Two moments changed Eddie Canales’ life - both occurred at a football game.
In 2001, Canales watched as his son Chris, a high school senior, made a tackle that left him paralyzed. Just over a year later, he and Chris watched from the stands as another high school player went down with a spinal cord injury. That moment pushed Eddie Canales to start Gridiron Heroes, which provides emotional and financial support to athletes who’ve sustained spinal cord injuries playing high school football. It’s a fraternity that now includes 19 injured players in the state of Texas.
Today on American Morning we hear from CNN Hero Eddie Canales. To nominate a CNN Hero, visit CNNheroes.com.
Two childhood friends who love football, one an award-winning sportswriter, the other a finance geek, have the answers that just might help you win your Super Bowl bet.
Jon Wertheim, senior writer at Sports Illustrated, and Tobias Moskowitz, University of Chicago finance professor, are co-authors of Scorecasting: The Hidden Influences Behind How Sports Are Played And Games Are Won, which takes a Freakonmics-type approach to the science of winning games. The book answers questions like, does the hometown team really have an advantage? And, how much do fans make a difference?
Wertheim and Moskowitz tell American Morning’s T.J. Holmes how their research can be applied to predicting the Super Bowl winner live from Arlington, Texas.
So which team will it be–Packers or Steelers– for Super Bowl XLV?
(CNN) - Tens of thousands of people joined the beaten and bandaged in Cairo's Tahrir Square on Friday, Islam's day of prayer, transforming it from a bloody battleground to the scene of a political rally dubbed Day of Departure. But tensions remained high as midday prayers came to a close and Egyptians demanding change geared up for more demonstrations. They chanted: "He leaves, we don't leave" and "The blood of the martyrs will not be forgotten."
Kiran Chetry talks to Mona Eltahawy, Egyptian journalist, who is in close contact with relatives in Cairo via social media. She gives the latest up-to-the minute updates from the ground.
Should a four-year college degree be the goal for every student in America?
Maybe not, says a recent report by Harvard University.
The report, “Pathways to Prosperity,” says the American education system places too much emphasis on attending and graduating from a four-year college, and should instead emphasize training for jobs that don't require a four-year degree.
Today on American Morning, T.J. Holmes asks Robert B. Schwartz, co-author, and academic dean, Harvard Graduate School of Education, his response to critics who say all students deserve the dream of going to college. Should the American education system change its focus so that all students can thrive?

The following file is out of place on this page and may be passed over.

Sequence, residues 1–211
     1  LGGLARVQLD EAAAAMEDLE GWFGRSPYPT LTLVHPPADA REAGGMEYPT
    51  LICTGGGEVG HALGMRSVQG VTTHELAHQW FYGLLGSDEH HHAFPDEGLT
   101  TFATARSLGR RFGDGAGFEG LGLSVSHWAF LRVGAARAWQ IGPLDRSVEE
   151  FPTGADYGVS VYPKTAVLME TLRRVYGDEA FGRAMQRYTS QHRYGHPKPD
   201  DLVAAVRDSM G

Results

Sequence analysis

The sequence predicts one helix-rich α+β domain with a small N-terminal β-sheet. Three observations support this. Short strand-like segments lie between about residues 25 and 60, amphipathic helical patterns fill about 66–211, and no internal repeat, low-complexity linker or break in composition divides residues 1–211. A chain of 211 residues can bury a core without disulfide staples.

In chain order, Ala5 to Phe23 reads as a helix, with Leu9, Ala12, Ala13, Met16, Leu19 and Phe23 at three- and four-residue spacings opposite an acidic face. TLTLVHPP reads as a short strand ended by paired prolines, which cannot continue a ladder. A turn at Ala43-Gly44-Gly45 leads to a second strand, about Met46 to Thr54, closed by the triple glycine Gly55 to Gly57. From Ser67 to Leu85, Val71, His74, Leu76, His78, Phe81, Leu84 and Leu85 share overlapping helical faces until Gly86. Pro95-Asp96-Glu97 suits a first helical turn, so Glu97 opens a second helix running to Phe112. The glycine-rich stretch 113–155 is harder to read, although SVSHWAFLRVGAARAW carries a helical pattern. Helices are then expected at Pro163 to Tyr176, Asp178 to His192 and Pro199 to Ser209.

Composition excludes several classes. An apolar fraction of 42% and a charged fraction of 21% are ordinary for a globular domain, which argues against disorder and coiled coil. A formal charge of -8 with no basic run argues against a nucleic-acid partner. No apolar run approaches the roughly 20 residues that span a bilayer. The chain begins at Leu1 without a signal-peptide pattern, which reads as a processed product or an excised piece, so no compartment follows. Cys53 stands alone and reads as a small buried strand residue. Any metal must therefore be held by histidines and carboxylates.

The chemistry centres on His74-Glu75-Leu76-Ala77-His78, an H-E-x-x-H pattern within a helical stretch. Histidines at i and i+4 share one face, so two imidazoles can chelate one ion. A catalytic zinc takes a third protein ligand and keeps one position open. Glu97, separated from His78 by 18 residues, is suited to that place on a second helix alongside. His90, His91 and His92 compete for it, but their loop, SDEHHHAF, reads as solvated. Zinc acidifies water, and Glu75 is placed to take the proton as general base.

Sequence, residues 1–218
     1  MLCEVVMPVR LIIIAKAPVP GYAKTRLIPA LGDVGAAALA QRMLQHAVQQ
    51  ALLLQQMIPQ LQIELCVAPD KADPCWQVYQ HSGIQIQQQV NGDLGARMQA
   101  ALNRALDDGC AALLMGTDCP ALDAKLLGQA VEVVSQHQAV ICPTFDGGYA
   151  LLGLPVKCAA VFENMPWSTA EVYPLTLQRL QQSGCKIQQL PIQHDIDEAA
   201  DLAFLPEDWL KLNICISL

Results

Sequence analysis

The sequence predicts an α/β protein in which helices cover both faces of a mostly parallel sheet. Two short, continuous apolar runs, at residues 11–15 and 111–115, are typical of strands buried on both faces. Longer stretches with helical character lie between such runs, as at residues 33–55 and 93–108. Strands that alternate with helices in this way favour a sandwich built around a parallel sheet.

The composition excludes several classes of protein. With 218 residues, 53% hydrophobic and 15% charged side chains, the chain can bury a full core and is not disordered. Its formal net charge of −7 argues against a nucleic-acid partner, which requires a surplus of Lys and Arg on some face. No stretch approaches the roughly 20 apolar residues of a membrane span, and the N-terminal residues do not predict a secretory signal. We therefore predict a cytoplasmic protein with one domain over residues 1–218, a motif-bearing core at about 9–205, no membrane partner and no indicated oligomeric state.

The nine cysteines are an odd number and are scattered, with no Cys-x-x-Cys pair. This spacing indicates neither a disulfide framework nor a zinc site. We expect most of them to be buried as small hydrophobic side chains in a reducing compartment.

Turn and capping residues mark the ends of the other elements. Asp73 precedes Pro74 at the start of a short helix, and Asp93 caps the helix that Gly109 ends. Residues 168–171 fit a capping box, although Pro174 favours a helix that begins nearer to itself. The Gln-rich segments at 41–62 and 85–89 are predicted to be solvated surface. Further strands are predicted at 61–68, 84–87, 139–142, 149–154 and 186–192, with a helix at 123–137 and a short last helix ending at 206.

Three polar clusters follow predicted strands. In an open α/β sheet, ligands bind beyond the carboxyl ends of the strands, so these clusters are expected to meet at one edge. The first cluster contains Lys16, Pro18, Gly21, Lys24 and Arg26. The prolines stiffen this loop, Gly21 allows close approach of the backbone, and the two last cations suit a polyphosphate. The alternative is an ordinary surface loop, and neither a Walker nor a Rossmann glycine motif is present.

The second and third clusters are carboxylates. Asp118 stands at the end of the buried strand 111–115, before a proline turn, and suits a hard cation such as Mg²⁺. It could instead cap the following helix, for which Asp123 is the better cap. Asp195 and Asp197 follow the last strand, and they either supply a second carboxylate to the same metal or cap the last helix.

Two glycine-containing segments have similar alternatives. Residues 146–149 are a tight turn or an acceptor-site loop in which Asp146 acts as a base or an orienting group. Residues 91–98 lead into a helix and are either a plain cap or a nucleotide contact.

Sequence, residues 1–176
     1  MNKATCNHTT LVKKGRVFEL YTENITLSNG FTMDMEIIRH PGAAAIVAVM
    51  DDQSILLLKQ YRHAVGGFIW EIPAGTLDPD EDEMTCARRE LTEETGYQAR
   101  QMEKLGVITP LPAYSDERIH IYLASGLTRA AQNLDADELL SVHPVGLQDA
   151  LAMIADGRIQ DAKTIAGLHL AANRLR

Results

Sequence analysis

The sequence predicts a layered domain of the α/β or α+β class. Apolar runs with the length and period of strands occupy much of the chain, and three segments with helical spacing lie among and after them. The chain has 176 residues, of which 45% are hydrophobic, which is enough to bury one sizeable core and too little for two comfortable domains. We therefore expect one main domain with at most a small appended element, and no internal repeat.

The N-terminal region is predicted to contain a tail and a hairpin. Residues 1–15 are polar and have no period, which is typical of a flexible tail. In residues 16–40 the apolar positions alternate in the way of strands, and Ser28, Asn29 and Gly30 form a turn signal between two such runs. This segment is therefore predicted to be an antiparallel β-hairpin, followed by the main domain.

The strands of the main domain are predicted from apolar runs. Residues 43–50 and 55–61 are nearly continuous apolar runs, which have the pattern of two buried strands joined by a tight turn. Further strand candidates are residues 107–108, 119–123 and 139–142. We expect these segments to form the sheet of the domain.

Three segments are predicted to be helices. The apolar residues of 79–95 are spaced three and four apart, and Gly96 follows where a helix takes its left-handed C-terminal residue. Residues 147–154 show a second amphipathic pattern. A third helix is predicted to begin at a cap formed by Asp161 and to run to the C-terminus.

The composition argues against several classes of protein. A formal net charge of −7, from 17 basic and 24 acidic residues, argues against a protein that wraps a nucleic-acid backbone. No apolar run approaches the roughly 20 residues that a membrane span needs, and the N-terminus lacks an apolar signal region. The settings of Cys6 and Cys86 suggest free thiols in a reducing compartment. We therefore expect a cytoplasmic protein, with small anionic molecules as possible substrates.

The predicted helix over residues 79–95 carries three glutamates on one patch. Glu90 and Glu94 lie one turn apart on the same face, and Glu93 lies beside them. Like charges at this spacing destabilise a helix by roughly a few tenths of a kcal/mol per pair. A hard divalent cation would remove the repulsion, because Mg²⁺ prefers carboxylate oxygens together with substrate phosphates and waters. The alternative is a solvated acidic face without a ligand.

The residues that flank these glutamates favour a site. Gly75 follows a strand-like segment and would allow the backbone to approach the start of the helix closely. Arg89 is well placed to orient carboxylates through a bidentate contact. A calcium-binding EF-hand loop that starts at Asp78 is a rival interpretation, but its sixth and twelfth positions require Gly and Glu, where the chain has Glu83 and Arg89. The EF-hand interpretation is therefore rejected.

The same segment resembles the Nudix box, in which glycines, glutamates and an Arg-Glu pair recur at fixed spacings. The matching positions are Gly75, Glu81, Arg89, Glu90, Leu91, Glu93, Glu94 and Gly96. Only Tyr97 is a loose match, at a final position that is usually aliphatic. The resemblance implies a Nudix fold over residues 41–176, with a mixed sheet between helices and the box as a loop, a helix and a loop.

Read the full report here: http://www.gse.harvard.edu/news_events/features/2011/Pathways_to_Prosperity_Feb2011.pdf"
(CNN) - Journalists attempting to cover unrest in Egypt reported being beaten, arrested and harassed by security forces and police Thursday, leading to sharply limited television coverage of the protests. Various news outlets - including the BBC, Al-Arabiya, ABC News, the Washington Post, Fox News, Al Jazeera and CNN - said members of their staffs had been attacked or otherwise targeted. Amnesty International and Human Rights Watch also reported that staffers were detained.
Today on American Morning, Kiran Chetry talks with James Rubin, former U.S. Asst. Secretary of State and current executive editor of the The Bloomberg View. Rubin's wife is ABC News' Christiane Amanpour, whose car was attacked while reporting in Egypt.
Rubin says Mubarak's tactics to protest protesters and round up journalists were not successful. Protesters today show that this "really is the end for Mubarak," Rubin tells Chetry.
Countries across the Middle East are watching the chaotic unrest in the streets of Egypt and recent demonstrations in Tunisia with a close eye.
In Jordan, King Abdullah II sacked his government, named a new prime minister and met privately with leaders of the nation's main Islamist group in response to anti-government protests there. The Islamic Action Front, the political wing of Jordan's Muslim Brotherhood, planned another round of demonstrations Friday. On today’s American Morning, Salameh Nematt, Jordanian political analyst and international writer for the Daily Beast, joins AM’s T.J. Holmes from Amman, Jordan.
Nematt says anti-government protests and how the violence is being handled in Egypt is having a "major influence on public opinion" throughout the Middle East, especially in Jordan, which he calls a "moderating force" for the United States in the Middle East.
Nematt describes why Jordan protesters are taking to the streets and how the king is reacting.